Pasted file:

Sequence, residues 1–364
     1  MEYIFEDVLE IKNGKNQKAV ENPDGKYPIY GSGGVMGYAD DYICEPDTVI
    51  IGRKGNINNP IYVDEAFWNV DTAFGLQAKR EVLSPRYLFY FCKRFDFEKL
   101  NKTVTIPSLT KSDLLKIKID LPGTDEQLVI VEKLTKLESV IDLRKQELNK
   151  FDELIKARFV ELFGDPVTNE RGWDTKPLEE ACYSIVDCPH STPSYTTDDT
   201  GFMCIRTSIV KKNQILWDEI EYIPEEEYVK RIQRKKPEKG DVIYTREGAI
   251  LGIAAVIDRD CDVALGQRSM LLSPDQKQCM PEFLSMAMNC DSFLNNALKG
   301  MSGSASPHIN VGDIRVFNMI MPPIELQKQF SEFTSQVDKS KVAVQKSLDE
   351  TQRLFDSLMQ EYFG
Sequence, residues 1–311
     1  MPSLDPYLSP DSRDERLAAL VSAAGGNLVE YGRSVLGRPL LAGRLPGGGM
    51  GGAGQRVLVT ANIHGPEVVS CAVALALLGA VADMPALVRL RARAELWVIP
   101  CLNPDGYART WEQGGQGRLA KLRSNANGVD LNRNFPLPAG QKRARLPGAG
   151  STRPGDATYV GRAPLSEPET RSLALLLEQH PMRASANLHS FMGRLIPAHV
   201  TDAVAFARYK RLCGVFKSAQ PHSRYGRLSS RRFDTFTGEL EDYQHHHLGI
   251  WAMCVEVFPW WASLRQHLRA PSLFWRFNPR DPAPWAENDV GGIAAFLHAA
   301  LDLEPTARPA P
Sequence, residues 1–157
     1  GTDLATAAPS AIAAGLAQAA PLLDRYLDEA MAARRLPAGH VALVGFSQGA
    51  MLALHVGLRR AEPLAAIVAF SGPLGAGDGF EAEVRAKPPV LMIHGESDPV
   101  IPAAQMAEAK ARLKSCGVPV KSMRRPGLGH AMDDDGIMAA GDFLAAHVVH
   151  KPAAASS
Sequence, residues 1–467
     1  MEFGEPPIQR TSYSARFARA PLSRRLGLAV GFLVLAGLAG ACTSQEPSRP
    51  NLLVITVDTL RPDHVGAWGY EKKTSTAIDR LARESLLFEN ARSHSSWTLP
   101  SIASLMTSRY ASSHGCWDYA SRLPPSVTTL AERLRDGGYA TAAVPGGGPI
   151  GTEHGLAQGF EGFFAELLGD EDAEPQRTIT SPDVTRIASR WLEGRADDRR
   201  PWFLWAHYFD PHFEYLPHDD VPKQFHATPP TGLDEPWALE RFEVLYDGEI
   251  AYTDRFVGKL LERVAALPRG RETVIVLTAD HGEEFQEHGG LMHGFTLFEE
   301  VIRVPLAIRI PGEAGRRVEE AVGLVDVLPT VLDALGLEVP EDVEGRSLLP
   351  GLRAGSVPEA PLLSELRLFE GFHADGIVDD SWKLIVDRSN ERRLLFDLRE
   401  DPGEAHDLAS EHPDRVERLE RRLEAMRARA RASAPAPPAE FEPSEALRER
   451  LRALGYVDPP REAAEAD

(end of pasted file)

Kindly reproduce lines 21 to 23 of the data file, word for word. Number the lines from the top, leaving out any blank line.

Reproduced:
   101  IPAAQMAEAK ARLKSCGVPV KSMRRPGLGH AMDDDGIMAA GDFLAAHVVH
   151  KPAAASS
Sequence, residues 1–467